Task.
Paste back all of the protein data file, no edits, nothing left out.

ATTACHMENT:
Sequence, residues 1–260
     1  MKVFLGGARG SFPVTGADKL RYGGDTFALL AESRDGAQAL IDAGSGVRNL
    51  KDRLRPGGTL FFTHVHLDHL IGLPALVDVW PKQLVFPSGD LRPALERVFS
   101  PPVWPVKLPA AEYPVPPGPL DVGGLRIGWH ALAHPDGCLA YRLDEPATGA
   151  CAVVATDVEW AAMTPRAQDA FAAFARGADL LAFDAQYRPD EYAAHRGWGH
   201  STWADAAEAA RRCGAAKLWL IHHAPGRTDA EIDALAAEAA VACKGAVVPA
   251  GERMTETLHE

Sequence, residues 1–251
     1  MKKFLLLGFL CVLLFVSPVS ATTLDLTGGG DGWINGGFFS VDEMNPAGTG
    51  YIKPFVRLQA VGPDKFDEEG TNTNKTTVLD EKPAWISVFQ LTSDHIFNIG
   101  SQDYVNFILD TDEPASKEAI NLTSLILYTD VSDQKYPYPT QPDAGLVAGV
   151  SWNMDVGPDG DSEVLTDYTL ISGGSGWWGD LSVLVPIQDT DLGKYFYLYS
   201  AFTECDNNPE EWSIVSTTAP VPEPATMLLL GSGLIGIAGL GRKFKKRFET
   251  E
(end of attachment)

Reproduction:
Sequence, residues 1–260
     1  MKVFLGGARG SFPVTGADKL RYGGDTFALL AESRDGAQAL IDAGSGVRNL
    51  KDRLRPGGTL FFTHVHLDHL IGLPALVDVW PKQLVFPSGD LRPALERVFS
   101  PPVWPVKLPA AEYPVPPGPL DVGGLRIGWH ALAHPDGCLA YRLDEPATGA
   151  CAVVATDVEW AAMTPRAQDA FAAFARGADL LAFDAQYRPD EYAAHRGWGH
   201  STWADAAEAA RRCGAAKLWL IHHAPGRTDA EIDALAAEAA VACKGAVVPA
   251  GERMTETLHE

Sequence, residues 1–251
     1  MKKFLLLGFL CVLLFVSPVS ATTLDLTGGG DGWINGGFFS VDEMNPAGTG
    51  YIKPFVRLQA VGPDKFDEEG TNTNKTTVLD EKPAWISVFQ LTSDHIFNIG
   101  SQDYVNFILD TDEPASKEAI NLTSLILYTD VSDQKYPYPT QPDAGLVAGV
   151  SWNMDVGPDG DSEVLTDYTL ISGGSGWWGD LSVLVPIQDT DLGKYFYLYS
   201  AFTECDNNPE EWSIVSTTAP VPEPATMLLL GSGLIGIAGL GRKFKKRFET
   251  E